“When I got to Boston, when I got to San Francisco, I talked about: You have ingredients in the organization when you get there. It’s the drafts that have occurred in previous years, it’s the players that are in the system, it’s the expertise of the staff and what they’re comfortable teaching,” Bannister said. “But ultimately, you’re looking to bake the best cakes possible. These are the ingredients you have, bake the best cakes.
“You do what you can with the ingredients you have available, as well as setting sights, in the future and the long term, of going out and finding the best available arms and taking them to the highest ceiling possible.”
Did all that cake talk make you hungry? Hold on, Bannister’s not done with the food analogies yet.
“On the pitching side, we say we’re always the ones who set the table and the hitters have to eat off our table,” he said. “It goes through trends. When I got to Boston in ‘14 and ‘15, we started leveraging high fastballs, more spin. Hitters didn’t have a solution for it because pitchers had mainly been pitching at the bottom of the zone with their fastball. They had to come up with a swing to handle the high fastball.
“And we were able to flip that in San Francisco and start sinking the ball again and leverage some of the newer physics concepts to really make the ball sink, and then hitters had to come up with a swing for that.
“We’re always setting the trends. The hitters have to react. So we always have the advantage of being the first mover.”
When it comes to Barfield, while he won’t ultimately be the White Sox’ farm director — he’ll do plenty of work in player development, particularly while the search is on for a new farm boss — all you have to do is flip on the NLDS to see the fruits of his labor with the Diamondbacks.
“To see finished products on the field from guys I had when they were 15, 16, 17 years old and seeing where they were then to where they are now and where the organization kind of was a few years ago to where they are now,” Barfield said, “it’s exciting and gives a lot of hope and optimism here.”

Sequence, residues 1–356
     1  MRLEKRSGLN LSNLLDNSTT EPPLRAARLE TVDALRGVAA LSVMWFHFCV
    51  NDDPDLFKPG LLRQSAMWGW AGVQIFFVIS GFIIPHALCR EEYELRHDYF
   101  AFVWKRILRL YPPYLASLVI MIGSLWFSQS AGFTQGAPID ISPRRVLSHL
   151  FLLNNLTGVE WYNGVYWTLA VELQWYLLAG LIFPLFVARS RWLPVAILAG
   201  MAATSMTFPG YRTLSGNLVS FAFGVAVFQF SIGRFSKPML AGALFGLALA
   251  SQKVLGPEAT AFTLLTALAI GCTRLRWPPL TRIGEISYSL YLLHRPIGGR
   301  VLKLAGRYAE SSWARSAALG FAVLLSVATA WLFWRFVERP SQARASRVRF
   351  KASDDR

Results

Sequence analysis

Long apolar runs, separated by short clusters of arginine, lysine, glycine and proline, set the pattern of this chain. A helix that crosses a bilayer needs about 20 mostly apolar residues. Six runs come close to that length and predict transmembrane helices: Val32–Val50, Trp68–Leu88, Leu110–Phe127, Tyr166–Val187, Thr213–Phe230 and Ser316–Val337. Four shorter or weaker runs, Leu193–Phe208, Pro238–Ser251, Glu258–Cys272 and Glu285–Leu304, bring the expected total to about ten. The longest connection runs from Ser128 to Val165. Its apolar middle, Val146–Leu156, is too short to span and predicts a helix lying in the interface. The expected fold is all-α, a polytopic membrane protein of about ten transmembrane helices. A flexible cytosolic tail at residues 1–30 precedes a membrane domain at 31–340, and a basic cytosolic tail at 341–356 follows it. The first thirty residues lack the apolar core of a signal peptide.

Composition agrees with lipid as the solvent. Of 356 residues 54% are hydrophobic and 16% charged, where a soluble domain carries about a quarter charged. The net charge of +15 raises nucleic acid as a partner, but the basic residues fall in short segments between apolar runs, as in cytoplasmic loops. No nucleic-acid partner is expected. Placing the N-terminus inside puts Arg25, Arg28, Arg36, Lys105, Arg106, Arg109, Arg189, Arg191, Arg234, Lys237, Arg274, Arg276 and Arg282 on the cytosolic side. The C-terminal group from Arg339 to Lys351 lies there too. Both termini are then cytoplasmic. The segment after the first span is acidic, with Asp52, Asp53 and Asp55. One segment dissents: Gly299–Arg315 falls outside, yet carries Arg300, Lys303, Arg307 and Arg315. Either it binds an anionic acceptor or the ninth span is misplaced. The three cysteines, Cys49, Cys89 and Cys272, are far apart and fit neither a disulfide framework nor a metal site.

“You look at their roster,” Getz said of the Diamondbacks, “they’ve got a lot of young players who have come through their system. Having discussions with (Barfield) about what they’ve done as an organization the last couple years, from some struggles to getting a taste of success in a playoff hunt here, there’s been a lot of deep takeaways that I think can apply to our situation.”
It’s all adding up to an energizing feeling, even for those who dealt with the day-in, day-out disappointment of the White Sox’ 2023 campaign.
“I’m really comfortable and excited about Chris and his staff,” Grifol told CHGO last month. “They’ve done this. Gene Watson’s been a part of four World Series teams. Josh Barfield’s coming from a team that’s going into the playoffs. Bannister’s been a part of winning organizations in Boston, in San Francisco.
“I’m just excited to watch them assemble it. And then I’ll get a chance to manage it.”
Even if excitement is building inside the building for what these guys can do, their arrival is far from ensuring that things will change overnight. Jerry Reinsdorf went with Getz instead of an outside hire — completely eschewing a search of any kind — because he believed Getz’s familiarity with the organization would produce a turnaround as quickly as possible.
While Reinsdorf said he envisions a much better team in 2024, Getz hasn’t committed to whether he’s expecting a contender or not, perhaps a reflection of how much there is on his to-do list this winter. It would make sense that he couldn’t predict how competitive this team will be, even in the weak AL Central, before he knows how many items he can cross off that list.
One of his new hires made that notion a little more concrete with his pledge to turn the White Sox into a winner.
“We want to win, and we are not going to put a timetable on it,” Watson said. “We are looking forward to going to work, rolling our sleeves up and going to work.”
But even if that doesn’t get fans going the same way it’s exciting people within the White Sox, it should still strike as the breath of fresh air that it is. Obviously, Hahn and Williams wanted to win, too, and fans were all in on Hahn’s rebuilding project in its early years. But they had been running the show for a long time, their surprise firings ending nearly 25 years of consistency atop the team’s baseball department.
Getz, of course, was there for a significant number of those years, but the three newcomers are delivering the outside perspectives and different ideas that have long seemed necessary on the South Side.
“I’ve been to four World Series. … I know what it feels like when you got the right people,” Watson said. “And Chris got the right people.”